There does exist an abomination known as the Defense Of Marriage Act (DOMA) which is a law passed by Congress in 1996 that essentially defines a marriage as between one woman and one man and further states that a same-sex marriage permitted in one state does not have to be recognized in another state where such marriages are not authorized.

DOMA is clearly and utterly unconstitutional. It violates the provisions of Article IV Section 1 as cited above. Congress cannot unilaterally abrogate a requirement of the Constitution. DOMA is currently under attack in federal court and the Obama administration, in one of its few acts exhibiting balls, has refused to defend it.

There is also talk in Congress about the repeal of DOMA but I’m not holding my breath since that band of idiot brothers cannot even come to agreement on admittedly more vital issues facing the nation.

Why is gay marriage important? Better you should ask “why is breathing necessary for life”? It is important because if you consider marriage as necesssary for the ultimate fulfillment of any heterosexual couple’s love for each other, then you should be aware that gay couples love each other in the same way.

Last year in the runup to the eventual repeal of the Don’t Ask Don’t Tell rules for the military, a young woman  eloquently expressed how thse issues affect her very humanit in an op-ed piece in the Post Gazette. Perhaps her words will be persuasive.

She was homosexual but desired a career in the military and was in a reserve unit. She agonized over being unable to share even the mundane aspects of her every day life with colleagues because it involved a gay partner.

One of the worst aspects of being closeted is not just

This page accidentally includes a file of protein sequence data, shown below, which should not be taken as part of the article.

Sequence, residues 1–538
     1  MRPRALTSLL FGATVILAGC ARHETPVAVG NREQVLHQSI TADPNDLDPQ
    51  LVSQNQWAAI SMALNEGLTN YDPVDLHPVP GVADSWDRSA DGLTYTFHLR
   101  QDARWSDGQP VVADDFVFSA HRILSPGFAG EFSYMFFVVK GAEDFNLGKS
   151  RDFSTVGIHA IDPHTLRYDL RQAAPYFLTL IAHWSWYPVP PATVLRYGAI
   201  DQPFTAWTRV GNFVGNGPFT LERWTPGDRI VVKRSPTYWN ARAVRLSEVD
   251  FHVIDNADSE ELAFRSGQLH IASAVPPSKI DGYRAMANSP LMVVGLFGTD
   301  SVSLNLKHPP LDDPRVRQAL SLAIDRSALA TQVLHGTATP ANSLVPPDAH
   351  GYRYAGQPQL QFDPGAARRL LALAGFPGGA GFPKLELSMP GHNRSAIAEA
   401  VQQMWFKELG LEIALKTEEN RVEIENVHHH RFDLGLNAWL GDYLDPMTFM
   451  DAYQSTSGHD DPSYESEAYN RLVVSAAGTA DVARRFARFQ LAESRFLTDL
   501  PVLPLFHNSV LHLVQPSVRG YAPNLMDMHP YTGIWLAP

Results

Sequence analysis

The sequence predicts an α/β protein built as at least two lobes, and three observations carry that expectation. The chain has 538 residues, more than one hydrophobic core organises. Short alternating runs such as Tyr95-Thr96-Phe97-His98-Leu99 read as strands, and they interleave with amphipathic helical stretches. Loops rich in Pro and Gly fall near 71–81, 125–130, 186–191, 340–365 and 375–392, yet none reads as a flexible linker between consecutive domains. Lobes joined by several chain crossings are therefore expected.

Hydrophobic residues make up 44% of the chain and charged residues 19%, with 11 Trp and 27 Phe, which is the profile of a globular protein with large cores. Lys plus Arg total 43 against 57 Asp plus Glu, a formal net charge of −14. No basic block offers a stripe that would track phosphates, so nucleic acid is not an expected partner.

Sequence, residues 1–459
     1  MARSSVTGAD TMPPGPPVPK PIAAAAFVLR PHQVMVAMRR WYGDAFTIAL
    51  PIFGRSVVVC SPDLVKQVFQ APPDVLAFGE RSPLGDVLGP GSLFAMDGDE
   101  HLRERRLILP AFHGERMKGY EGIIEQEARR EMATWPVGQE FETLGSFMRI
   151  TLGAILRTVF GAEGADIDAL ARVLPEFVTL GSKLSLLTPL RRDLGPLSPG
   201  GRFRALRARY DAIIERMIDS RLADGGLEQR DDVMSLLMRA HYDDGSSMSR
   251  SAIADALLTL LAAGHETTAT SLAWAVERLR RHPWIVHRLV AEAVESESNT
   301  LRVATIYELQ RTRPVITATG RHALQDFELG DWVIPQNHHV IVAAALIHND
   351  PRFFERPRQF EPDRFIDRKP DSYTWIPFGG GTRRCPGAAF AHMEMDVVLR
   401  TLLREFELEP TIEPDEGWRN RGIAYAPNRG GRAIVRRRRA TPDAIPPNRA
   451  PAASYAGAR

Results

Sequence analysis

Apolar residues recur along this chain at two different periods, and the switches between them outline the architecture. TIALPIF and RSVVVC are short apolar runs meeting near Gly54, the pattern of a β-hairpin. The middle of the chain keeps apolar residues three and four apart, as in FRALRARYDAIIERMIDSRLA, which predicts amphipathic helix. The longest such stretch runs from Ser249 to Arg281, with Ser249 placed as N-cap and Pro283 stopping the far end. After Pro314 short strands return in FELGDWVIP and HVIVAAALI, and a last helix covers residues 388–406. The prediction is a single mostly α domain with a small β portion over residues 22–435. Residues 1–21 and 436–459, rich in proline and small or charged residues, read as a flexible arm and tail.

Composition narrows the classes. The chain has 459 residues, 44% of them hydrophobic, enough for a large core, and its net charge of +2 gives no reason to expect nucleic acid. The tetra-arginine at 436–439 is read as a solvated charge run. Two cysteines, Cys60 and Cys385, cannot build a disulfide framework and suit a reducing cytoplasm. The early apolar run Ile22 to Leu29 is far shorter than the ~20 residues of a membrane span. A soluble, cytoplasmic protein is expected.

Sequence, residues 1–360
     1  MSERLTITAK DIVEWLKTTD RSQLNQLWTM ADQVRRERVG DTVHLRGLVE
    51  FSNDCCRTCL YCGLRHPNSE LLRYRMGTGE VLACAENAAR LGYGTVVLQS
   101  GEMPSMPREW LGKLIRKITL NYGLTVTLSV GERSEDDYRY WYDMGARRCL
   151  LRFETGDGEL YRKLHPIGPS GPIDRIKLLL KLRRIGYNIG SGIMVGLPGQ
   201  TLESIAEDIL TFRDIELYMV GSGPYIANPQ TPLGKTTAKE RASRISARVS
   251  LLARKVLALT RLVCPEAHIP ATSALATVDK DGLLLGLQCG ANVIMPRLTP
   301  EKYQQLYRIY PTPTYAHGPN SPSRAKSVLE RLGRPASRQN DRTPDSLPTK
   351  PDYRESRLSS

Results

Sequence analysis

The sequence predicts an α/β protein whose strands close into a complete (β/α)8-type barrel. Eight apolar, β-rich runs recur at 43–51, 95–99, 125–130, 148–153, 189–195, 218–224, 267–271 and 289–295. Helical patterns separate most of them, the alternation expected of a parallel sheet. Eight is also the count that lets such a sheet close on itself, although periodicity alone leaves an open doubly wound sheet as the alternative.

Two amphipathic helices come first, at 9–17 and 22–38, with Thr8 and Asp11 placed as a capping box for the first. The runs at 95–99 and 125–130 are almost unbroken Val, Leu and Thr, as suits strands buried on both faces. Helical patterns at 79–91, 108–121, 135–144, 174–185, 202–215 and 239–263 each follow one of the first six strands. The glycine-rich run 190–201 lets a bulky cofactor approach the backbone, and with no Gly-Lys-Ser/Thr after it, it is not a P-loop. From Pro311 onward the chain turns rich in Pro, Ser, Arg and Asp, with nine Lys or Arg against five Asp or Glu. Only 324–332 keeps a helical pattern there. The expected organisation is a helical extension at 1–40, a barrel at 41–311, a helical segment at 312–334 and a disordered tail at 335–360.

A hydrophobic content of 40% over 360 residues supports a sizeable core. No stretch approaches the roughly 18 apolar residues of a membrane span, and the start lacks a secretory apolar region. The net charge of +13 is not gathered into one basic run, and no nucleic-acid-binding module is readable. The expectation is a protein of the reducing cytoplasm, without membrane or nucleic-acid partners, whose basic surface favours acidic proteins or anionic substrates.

feeling like less of a person, but becoming less of a person — less open, less
honest, less trusting.

After several years, I was no longer willing to live in
fear of being found out, or to continue compromising my integrity. I finally
came out to my commander and was subsequently discharged — for “moral and
professional dereliction,” as my Army discharge papers read.

While her discharge was being processed she spoke often with her Commander who did not want to lose her services but had no choice under military law.

He finally understood my point: The person you build a
life with is not a hobby or a “lifestyle” you can just as easily keep private as
not. “Don’t ask, don’t tell” is not about discretion, but the dehumanization of
gay service members simply because of who they love.

So it is with gay marriage. It is nothing more than an affirmation of that couple’s humanity. especially in relation to each other.

A long-time close friend of mine, Harry, entered into a brief hetersexual marriage in 1970. Several years later he emrged from the closet and became openly gay. Still friendly with his ex-wife, he has had a loving and devoted partner for just over thirty years now.

As avowedly straight as I am, my one foray into matrimony or any type of committed relationship lasted just over eleven years officially, though we separated permanently prior to our tenth anniversary. Yet my failure would garner more official recognition in many states than would Harry’s success.

There is no way that is morally right.

To deny Harry and Mark and other loving couples like them their right to formalize and sanctify their arrangement is nothing short of an obscenity. That more opportunities for them and others to do so now exist  is a blessing for this nation and an indication that sanity sometimes rules.

Thank you, New York Legislature.

Let us hope such sanity spreads like wildfire.